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Re: Topological significance of transport technologies
From: smd () clock org (Sean M. Doran)
Date: 01 Jul 1997 22:40:44 -0400

Paul Ferguson <pferguso () cisco com> writes:

Its not really Layer 2 vs. Layer 3, its how to integrate the
two layers and make it work. Mike O'Dell is fond of saying,
"Pure Layer 3 routed networks are dead,"

So does this mean that Falternet is dead?

Hmmm.  Wait, it's not a pure layer 3 network.  

Go figure.

and I can understand his point, although I don't
necessarily agree with it.

The point is not so much to use one or the other or to
integrate the two as much as it is to duplicate some of
the handy functionality in PVC-using L2 protocols.

This is something cisco has been doing (bravo), what with
generic rate-limiting, better flow diagnostics and
monitoring, and the like.  In current and newer products
from cisco and others, I expect to see some buffer
management strategies that will eliminate the need for the
fancy stuff one finds in FR and ATM and the like.

If one has decent IP routers, one can essentially build on
an L2 structure no more complicated than point-to-point
PPP or HDLC talking circuits, modulo what one does wrt
stuffing an add/drop MUX of some nature into the router
itself.

This tends to avoid the need to do horribly botched and
sometimes proprietary redesigns of L3 routing protocols
such as IS-IS, and lessens the need to do particularly
ugly things with BGP, as one sees in L3 networks layered
on top of NBMA L2 protocols.

In turn, one should expect better stability from such
networks over time.

Trying to integrate "foreign" internetworking technologies
in the manner done by UUNET (whether or not this is Mike
O'Dell's grand design or merely a step in that direction I
honestly don't know) leads to all sorts of interesting trouble.

Yes, they both get you there, but the pertinent summary to be
drawn from this comparison is that 'you' are the IP packet,
and you really don't care what the mode of transport is (e.g.
frame-relay, leased point-to-point lines, ATM).

Actually you do care when you're carrying TCP segments;
for instance, if your L2 network is too clever and messes
up TCP's expectation that you see packets delayed and
dropped when you send too quickly, like say with ABR when
you end up seeing a VS dropping cells (or cell trains or
whatever interesting stuff the ATM people have come up
with to try to un-break ATM's anti-TCP behaviours) because
it hasn't seen an RM come back across an uncongested
network -- similar ugly things happen with FR congestion
management schemes -- you can get really abysmal TCP
performance.  Moreover, management of disconnectivity
under separate control loops is suboptimal; if you heal
partitions at the L2 level you get ugly congestion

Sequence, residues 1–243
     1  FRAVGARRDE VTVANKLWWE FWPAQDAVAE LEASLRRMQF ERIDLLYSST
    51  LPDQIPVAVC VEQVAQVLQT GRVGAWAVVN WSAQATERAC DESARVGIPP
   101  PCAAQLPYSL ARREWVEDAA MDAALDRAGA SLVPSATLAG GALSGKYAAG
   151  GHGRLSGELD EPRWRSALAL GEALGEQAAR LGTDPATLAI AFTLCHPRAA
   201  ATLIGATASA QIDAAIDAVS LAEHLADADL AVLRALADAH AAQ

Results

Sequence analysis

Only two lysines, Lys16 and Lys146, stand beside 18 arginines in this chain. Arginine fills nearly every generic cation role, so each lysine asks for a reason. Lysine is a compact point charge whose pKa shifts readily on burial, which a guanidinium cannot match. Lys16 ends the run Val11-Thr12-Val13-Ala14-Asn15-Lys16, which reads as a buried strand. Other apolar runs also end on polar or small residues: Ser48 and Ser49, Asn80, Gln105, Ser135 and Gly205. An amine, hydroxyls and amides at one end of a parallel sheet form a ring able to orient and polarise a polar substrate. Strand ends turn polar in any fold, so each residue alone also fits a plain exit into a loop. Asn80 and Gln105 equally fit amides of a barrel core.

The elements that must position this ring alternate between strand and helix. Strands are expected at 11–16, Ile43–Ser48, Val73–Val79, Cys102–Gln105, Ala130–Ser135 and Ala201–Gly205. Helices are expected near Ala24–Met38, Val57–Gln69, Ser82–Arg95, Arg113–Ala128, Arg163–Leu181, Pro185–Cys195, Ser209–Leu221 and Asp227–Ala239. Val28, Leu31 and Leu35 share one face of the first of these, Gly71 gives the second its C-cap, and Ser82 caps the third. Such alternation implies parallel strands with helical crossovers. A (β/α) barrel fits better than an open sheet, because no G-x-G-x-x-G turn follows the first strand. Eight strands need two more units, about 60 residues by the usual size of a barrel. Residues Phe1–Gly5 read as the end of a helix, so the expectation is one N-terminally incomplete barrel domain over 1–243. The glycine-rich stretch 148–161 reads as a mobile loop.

invisible to traditional L3 routing protocols, and if you
heal at the L3 level, then there seems to be alot of
wasted effort in nailing up lots of VCs in the first place.

Some have more intrinsic flexibility than others (e.g.
virtual circuits) and therefore represent a significant reason
to employ a specific technology over another, given pricing, and
geographic availability.

I will buy the pricing issue.  If it werent that Telco N
is offering ATM at OC-3-ish rates for about a fifth the
price of a 155Mbps SONET tributary, and a notorious
equipment vendor making it expensive in terms of equipment
to build a point-to-point network with adequate buffering,
I would expect ATM would be much less popular in several
ATM-using internetworks.
 
Again, IP packets don't really care if it's a motorcycle, an
airplane, or an automobile (unless its a Harley :-).

IP doesn't like it when SAR messes up or when cells get
dropped in the middle of frames.  TCP doesn't like it when
IP gets confused and it also doesn't like it when
non-ATM-forum workarounds for that set of problems allows
one to confront the problems of conflicting
congestion-control vs. congestion-avoidance systems.

Admittedly none of those are inherent in VC-using L2
fabrics, however, most of the deployment rationalizations
I've run into wrt that kind of thing involve congestion
management, QoS, better monitoring and various other
unfulfilled promises that could well find their way into
IP routers Real Soon Now, assuming they aren't there
already.

I will, however, buy the argument that
equipment-unavailable or equipment-unworkable exigencies
drove the deployment of things like ATM and FR, and that
the deployment was useful to push various equipment
vendors into building what would have made the ATM and FR
deployments unnecessary in the first place.

In other words, hey, vendor, I have a gun to my forehead.
It seems less painful right now than what will happen if
we don't get the things we need from you.  Give me what I
want or I'll shoot.  *Bang*.

It should also be noted that some technologies, such as
frame-relay are used only in *topologically significant*
places, ie. customer aggregation, for precisely these
reasons. In some networks, frame-relay is used for
customer aggregation, fast-ethernet is used in the PoP,
and ATM is used in the wide-area (just an example).

And in some networks DS3s carry aggregated clear-channel
DS1s and fractional DS1s into customer aggregation boxes,
the DS3s for those and for the customers come right out of
SONET ADMs, and 155Mbps POSIP (soon to be faster) is used
essentially everywhere else.  Or so goes the plans... 

Which networks are having the problems today?  :-)

        Sean. (who thinks self-inflicted gunshot wounds
                can be self-healed, too, when there is no
                longer any economic need to wander around bleeding...)


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